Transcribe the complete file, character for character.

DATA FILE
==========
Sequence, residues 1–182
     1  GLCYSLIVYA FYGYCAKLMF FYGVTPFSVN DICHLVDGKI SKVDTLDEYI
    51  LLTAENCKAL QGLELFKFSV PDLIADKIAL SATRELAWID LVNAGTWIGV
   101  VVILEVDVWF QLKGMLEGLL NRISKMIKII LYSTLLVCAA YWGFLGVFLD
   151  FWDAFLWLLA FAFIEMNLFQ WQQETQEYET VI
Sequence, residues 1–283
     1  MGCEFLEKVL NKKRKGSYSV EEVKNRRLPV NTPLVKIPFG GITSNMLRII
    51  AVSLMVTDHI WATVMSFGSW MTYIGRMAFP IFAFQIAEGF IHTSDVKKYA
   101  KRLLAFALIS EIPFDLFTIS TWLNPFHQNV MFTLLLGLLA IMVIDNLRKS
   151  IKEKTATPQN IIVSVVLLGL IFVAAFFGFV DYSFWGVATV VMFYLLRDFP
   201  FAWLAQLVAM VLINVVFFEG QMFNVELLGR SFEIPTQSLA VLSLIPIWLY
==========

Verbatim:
Sequence, residues 1–182
     1  GLCYSLIVYA FYGYCAKLMF FYGVTPFSVN DICHLVDGKI SKVDTLDEYI
    51  LLTAENCKAL QGLELFKFSV PDLIADKIAL SATRELAWID LVNAGTWIGV
   101  VVILEVDVWF QLKGMLEGLL NRISKMIKII LYSTLLVCAA YWGFLGVFLD
   151  FWDAFLWLLA FAFIEMNLFQ WQQETQEYET VI
Sequence, residues 1–283
     1  MGCEFLEKVL NKKRKGSYSV EEVKNRRLPV NTPLVKIPFG GITSNMLRII
    51  AVSLMVTDHI WATVMSFGSW MTYIGRMAFP IFAFQIAEGF IHTSDVKKYA
   101  KRLLAFALIS EIPFDLFTIS TWLNPFHQNV MFTLLLGLLA IMVIDNLRKS
   151  IKEKTATPQN IIVSVVLLGL IFVAAFFGFV DYSFWGVATV VMFYLLRDFP
   201  FAWLAQLVAM VLINVVFFEG QMFNVELLGR SFEIPTQSLA VLSLIPIWLY